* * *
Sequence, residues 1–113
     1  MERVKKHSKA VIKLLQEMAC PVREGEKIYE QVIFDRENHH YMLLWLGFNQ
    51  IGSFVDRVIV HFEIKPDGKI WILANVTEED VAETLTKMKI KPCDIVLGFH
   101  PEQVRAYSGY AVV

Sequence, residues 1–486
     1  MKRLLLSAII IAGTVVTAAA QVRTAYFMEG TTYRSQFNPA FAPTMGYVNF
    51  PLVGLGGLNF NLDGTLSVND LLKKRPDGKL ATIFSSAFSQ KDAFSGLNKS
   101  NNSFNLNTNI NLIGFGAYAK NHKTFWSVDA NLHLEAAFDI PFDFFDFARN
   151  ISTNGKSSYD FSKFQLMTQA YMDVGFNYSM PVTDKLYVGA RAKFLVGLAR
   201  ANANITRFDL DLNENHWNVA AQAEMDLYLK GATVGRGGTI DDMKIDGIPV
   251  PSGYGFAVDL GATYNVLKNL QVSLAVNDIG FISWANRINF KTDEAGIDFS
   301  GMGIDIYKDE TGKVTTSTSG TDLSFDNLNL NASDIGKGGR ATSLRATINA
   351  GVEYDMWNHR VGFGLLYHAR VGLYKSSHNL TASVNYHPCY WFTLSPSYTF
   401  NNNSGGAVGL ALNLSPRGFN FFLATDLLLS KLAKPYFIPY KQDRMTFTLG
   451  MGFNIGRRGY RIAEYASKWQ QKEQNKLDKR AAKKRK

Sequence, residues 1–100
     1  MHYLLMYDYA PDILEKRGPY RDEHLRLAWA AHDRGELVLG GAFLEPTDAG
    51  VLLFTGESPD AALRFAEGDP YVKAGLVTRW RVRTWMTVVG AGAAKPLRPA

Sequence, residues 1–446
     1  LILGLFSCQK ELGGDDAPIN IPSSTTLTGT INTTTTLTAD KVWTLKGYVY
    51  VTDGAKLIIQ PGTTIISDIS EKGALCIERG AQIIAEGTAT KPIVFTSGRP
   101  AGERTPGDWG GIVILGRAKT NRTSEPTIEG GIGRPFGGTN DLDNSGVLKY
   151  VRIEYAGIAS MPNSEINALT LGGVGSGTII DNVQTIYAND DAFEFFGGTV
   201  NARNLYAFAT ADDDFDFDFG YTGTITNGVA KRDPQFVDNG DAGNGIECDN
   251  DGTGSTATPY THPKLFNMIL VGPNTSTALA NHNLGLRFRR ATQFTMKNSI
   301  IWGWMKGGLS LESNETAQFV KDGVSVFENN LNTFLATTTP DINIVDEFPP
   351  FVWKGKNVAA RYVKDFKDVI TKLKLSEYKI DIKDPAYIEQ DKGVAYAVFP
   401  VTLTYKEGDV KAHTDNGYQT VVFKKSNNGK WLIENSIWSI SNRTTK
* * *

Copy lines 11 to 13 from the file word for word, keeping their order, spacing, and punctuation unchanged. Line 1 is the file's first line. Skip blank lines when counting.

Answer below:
   251  PSGYGFAVDL GATYNVLKNL QVSLAVNDIG FISWANRINF KTDEAGIDFS
   301  GMGIDIYKDE TGKVTTSTSG TDLSFDNLNL NASDIGKGGR ATSLRATINA
   351  GVEYDMWNHR VGFGLLYHAR VGLYKSSHNL TASVNYHPCY WFTLSPSYTF